Traits of Resilient People

  • Awareness
  • An Internal Locus of Control
  • Strong Problem-Solving Skills
  • Having Strong Social Connections
  • Identifying as a Survivor, Not a Victim
  • Being Able to Ask for Help

Stress is more than a mental state. It is a physical state that triggers the release of hormones such as cortisol and initiates the fight-or-flight response. At one time, this reaction was crucial to survival. It gave humans the sudden rush of energy needed to escape or face danger. Today, many people spend prolonged amounts of time feeling stressed, and the same reactions that once saved lives now jeopardize physical health.

When individuals experience chronic stress arising from work, perceived responsibilities, relationships, and other triggers, it causes a physical chain reaction. In the mind, it can lead to feelings of depression and anxiety. In the body, stress can cause gastrointestinal upset and raise blood pressure and blood sugar levels, increase the risk of a heart attack, and impact reproductive organs. It weakens the immune system and puts individuals at risk for chronic disease.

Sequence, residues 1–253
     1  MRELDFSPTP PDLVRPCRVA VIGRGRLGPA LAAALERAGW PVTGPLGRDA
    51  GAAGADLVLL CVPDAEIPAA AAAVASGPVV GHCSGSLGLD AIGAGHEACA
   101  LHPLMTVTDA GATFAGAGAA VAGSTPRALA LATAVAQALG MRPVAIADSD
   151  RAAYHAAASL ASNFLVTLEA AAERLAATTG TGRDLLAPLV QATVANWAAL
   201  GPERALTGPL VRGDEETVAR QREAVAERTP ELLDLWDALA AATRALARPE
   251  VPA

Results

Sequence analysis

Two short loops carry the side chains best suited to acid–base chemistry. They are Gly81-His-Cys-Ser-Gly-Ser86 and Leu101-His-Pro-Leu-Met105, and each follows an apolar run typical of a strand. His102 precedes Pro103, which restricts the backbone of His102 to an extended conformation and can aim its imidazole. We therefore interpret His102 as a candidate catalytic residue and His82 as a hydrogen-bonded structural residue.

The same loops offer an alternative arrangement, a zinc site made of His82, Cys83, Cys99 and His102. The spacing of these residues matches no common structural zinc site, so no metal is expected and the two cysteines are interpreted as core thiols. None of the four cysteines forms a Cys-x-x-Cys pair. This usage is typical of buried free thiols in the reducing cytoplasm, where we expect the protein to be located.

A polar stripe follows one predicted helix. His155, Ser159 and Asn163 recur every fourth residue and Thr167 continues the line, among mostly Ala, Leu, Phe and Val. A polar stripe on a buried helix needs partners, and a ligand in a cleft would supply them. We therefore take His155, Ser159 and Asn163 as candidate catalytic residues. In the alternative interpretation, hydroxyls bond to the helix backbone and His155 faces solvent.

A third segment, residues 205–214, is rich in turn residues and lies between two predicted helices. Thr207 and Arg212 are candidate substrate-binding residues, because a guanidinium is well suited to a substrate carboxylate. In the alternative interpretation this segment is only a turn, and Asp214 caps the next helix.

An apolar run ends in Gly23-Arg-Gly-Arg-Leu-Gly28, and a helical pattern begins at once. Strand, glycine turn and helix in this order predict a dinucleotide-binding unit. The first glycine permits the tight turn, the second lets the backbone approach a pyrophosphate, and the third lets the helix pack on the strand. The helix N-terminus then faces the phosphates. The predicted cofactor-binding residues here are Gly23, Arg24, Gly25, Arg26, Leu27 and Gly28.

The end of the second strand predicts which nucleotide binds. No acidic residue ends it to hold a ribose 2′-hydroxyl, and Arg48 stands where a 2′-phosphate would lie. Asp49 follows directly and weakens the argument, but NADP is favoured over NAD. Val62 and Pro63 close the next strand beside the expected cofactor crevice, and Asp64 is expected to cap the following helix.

Stress is connected to so many adverse health outcomes that many preventive care providers are now focusing on the importance of stress reduction for physical and mental health. To lower stress levels, therapists use a range of calming and balancing techniques including:

  • Meditation
  • Mindfulness exercises
  • Acceptance and Commitment Therapy (ACT)
  • Mindfulness-Based Cognitive Behavioral Therapy (MBCT)
  • Body-focused relaxation
  • Guided visualization

These techniques work in similar ways to retrain the brain to perceive and react to stress differently. Over time, they create new neural pathways, giving individuals the ability to manage stress into the future. At the Chicago Personal Growth Institute, our holistic treatment methods address both the mental and physical sides of stress to empower individuals and promote stress resiliency.